Embarking on the programming journey as a beginner felt like entering a dark and crowded club, with the blaring sound of code snippets and technical jargon overwhelming my senses. But as I navigated the neon-lit lines of code and the flurry of activity, I began to make sense of my surroundings. The once-faint whispers change into a symphony of comprehension, and I found my footing in this exciting and vibrant new world.
As a novice, I am like a newborn calf unsurely trying to stand beside its mother, but with time and determination, I've learned to navigate this thrilling new world. I've discovered hidden gems, and I've come to understand the few underlying principles. Today, I want to share some lessons with you.
- It's not all about coding but mostly about breaking the problem into manageable pieces.
From my first timid steps in HTML and CSS to building my first full-stack application, my success has always depended on how I dismantled the monstrous idea into smaller chunks I could tackle.
I still remember the frustration of my first few weeks as I struggled with the navigation bar of the website I was building. The clicking of my black Toshiba Keyboard in my ears and the tension building in my fingers as I struggled to align the elements just right. And the time I pulled my beard out in frustration, as I couldn't get puppeteer to work with AWS ECS, the bitter taste of defeat heavy on my tongue and the stinging sensation on my chin.
These days, I jot down everything my project needs and break the problems I need to solve into smaller pieces, like a master chef breaking down a side of beef. Each piece is carefully examined and dissected until the solution becomes clear. If I fail, it's simply an opportunity to break it down further or a unique chance to learn something new.
- Trying to learn everything is an impossible task that overwhelms and is not fruitful.
When I think I have mastered a subject, something new comes into my view: a summit I have yet to conquer. The only thing I have truly learned is HTML... and even that's debatable. My cat managed to break my website just by sitting on the keyboard.
Programming is like navigating a labyrinth, with every turn revealing a new challenge. But through it all, I've realized that it's not about mastering every nuance and detail. It's about learning enough to solve the problem and build the project.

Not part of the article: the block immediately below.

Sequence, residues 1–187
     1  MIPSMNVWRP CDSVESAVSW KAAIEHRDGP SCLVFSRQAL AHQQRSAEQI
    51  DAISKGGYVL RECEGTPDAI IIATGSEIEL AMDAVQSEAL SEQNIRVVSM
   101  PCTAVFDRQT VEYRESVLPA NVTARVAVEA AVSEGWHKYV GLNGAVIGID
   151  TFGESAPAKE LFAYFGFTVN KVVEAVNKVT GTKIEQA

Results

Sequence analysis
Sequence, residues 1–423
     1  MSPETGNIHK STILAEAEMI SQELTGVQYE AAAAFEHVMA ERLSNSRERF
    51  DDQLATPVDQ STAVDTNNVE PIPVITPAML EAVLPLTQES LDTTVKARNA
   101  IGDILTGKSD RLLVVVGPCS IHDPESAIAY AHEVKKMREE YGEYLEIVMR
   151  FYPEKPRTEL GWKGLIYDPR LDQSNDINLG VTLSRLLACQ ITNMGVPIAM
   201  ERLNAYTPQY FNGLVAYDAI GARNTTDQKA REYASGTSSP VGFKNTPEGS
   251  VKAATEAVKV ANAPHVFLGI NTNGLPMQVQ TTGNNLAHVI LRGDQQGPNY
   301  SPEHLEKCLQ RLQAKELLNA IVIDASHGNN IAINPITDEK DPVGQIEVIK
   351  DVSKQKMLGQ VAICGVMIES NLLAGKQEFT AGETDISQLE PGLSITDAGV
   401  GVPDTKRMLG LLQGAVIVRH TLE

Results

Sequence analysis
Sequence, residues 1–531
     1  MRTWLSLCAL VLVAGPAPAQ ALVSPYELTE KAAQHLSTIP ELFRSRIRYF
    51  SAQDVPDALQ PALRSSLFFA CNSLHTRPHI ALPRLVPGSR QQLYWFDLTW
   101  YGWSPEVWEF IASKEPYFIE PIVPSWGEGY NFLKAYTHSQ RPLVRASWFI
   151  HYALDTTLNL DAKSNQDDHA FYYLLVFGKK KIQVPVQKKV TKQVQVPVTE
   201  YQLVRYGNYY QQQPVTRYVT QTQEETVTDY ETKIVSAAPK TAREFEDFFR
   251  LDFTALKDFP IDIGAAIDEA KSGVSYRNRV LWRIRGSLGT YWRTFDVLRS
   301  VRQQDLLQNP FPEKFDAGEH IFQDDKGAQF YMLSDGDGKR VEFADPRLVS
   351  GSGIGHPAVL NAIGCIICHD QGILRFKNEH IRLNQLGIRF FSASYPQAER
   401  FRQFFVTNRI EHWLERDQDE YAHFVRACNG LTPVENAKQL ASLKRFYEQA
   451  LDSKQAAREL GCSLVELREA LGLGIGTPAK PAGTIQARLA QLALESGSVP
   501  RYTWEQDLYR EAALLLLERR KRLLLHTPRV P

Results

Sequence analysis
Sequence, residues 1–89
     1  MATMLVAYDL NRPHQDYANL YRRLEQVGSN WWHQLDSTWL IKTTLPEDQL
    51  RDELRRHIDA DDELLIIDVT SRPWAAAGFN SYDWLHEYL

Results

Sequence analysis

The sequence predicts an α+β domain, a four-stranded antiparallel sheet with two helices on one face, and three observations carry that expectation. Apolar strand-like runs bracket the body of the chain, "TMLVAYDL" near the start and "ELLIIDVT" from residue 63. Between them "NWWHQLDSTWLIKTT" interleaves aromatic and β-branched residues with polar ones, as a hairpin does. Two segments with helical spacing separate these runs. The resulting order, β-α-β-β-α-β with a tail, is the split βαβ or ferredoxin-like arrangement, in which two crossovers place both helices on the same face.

Programming languages are tools we use to make our lives easier by solving problems. And that's it, nothing more, nothing less. It's a tool like any other. I learn enough to do my work, and I move on.
- Typing fast does not make you a 10X programmer.
As someone who frantically increased my typing speed from 50 to 80 words per minute, I can attest that my fingers were moving in a blur, and my mind was racing to keep up.
I have explored all the hip ways to increase my speed, like using VIM, different VS Code extensions, different editors, IDEs, and more. It was like a treasure hunt, looking for that elusive shortcut to give me an edge. But as it turns out, shortcuts were like shiny objects that caught my eye, but in the end, they didn't help me become faster at my job.
I was reaching for the summit but falling short. I was fast, but my work was unrefined, and my understanding of the underlying principles was lacking. I've learned that the knowledge of the fundamental concepts has made me a more efficient programmer than the flashy tools and shortcuts.
It has been my humbling experience that the essence of programming lies not in the technologies we use but in the solutions we build.
With that said, don't hesitate to explore and experiment with different typing methods, code editors, and extensions. When starting, every bit of motivation helps to keep you going. I've spent countless hours customizing my VS Code editor to my liking. The process is like decorating your home, with each article filling the void with warmth and personality. The customization didn't make me a better programmer, but it taught me how to sit in front of a computer all day and make my workspace inviting.
It's also important to remember that if you don't enjoy the tools that come with the job, you may want to reevaluate if programming is the right profession for you. It's like a chef not enjoying their knives. It's a fundamental part of the career.
I still don't know what I am doing. I mostly feel like a deer navigating a busy highway, every bright headlight stopping me in my tracks. Lastly, I want to echo comedian Bill Burr's sentiment here: "I am an idiot, don't listen to me."
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